Since the government is almost certain to start off the fiscal year under a continuing resolution — quite possibly the first of several — Berteau argued lawmakers should build additional funding into that short-term measure to account for increasing inflation.
“We acknowledge that in the recent past, CRs have tended to be flat, and just extend the funding of the previous fiscal year’s appropriations. But that was when the federal funds rate was a quarter of a percent and inflation was not that much higher. We’re in different circumstances today,” he said in an interview with Federal News Network. “So we’re going to urge Congress not only to address it in the CR, but if there’s a subsequent CR to include it there and in an omnibus appropriation for the full fiscal year. Obviously, we would be also be happy if Congress were to encourage not only the Defense Department, but the rest of the federal government to open the aperture for consideration of requests for equitable adjustment.”
Julia Gledhill, an analyst at the Project on Government Oversight’s Center for Defense Information, said there could be a reasonable case for allowing economic price adjustments for smaller firms, but that her group was wary of any potential policy changes that could become a “bailout” for the broader defense industry.
“These prime contractors have been financially stable for a very long time. And so while it certainly does matter to ensure that they are able to continue meeting their subcontracting goals, I think that there’s more accountability measures to be enforced on the part of the Pentagon and Congress, and making sure that they’re meeting those goals,” she said. “I think the Pentagon will ask industry for details to make decisions regarding whether to make those adjustments. But the director for Defense Pricing and Contracting has said that that should be done on a very limited scale.”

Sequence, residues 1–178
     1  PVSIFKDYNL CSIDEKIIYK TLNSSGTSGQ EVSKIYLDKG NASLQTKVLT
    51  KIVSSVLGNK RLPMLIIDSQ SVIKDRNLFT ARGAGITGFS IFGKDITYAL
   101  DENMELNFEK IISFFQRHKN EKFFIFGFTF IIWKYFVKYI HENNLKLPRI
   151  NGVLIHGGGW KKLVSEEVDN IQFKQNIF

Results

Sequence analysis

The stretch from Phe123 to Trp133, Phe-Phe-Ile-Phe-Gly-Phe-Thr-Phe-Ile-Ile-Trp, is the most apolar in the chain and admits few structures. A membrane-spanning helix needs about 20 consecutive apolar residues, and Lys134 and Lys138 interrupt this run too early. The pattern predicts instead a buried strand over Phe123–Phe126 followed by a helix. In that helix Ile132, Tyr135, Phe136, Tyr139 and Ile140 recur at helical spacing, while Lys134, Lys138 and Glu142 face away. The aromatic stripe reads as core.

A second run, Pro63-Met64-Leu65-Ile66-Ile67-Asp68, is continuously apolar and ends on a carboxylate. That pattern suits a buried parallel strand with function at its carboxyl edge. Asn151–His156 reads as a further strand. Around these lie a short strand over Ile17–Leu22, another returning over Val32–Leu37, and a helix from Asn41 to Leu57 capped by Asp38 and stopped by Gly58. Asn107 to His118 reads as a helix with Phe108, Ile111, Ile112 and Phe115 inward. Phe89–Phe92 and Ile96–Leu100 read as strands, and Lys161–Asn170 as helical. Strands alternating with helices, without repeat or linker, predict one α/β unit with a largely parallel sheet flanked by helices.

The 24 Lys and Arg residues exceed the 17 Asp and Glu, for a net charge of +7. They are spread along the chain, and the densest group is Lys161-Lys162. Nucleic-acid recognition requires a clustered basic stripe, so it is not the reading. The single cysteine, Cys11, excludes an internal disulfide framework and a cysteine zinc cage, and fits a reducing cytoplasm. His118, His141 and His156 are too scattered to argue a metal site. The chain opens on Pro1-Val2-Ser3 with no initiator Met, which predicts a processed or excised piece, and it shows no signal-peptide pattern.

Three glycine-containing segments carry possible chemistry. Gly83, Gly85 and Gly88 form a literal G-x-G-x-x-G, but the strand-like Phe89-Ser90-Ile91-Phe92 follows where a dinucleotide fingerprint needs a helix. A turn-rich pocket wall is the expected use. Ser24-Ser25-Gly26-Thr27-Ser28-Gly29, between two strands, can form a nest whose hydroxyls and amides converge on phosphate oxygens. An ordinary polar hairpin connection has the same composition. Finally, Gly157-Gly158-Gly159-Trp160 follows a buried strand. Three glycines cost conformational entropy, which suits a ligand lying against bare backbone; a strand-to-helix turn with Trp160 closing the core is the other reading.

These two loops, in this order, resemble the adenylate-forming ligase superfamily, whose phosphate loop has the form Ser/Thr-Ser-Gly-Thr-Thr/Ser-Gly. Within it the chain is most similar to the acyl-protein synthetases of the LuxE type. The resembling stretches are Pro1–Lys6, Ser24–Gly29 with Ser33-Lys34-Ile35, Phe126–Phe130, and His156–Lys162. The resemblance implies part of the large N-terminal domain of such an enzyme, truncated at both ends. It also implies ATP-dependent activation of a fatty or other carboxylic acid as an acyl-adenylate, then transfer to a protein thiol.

But Berteau argued expanding the circumstances when DoD can grant requests for equitable adjustments is far from a blank check for the government contracting industry. In each case, he said, vendors would need to show evidence that inflation has forced them to absorb costs that weren’t foreseeable when they agreed to fixed-price contracts.
“This is the beauty of administrative action through a request for equitable adjustment, because it’s not an invoice that gets paid. It’s a submission of justification for a change in the amount of money being paid,” he said. “That submission is subject to documentation requirements. It’s reviewed by the federal government. You wouldn’t grant additional funding unless there was substantial justification and actual costs that have been incurred, or that you can demonstrate would be incurred if you continue doing work under the contract.”
LaPlante said more data will be vital, not just for adjudicating individual contract adjustments, but for broader policymaking in an economy where inflation has suddenly become a major factor.
“We need real examples to show back to us and to the Congress, that this is real, and it’s really hurting companies. It’s my personal belief that it’s happening, but I want data to show it,” And I’ve challenged industry on this. I’ve also said, ‘How do you respond to the fact you’re buying back your stock?’ And they have answers for that, but that’s the perception. I’ve also pointed out that during COVID, one of the best places to be was to be have a contract with the U.S. government. It’s better than being a hotel or being a restaurant or being an airline. Particularly in national security, because of the imperative of what we do, we made sure we tried our best to make [companies] whole. But having said all that, industry did incredible work to sacrifice themselves to keep the production lines going. So I think this is a holistic discussion, but the reality is we can’t have our suppliers with FFPs go under or get away from us. That’s what I’m trying to prevent.”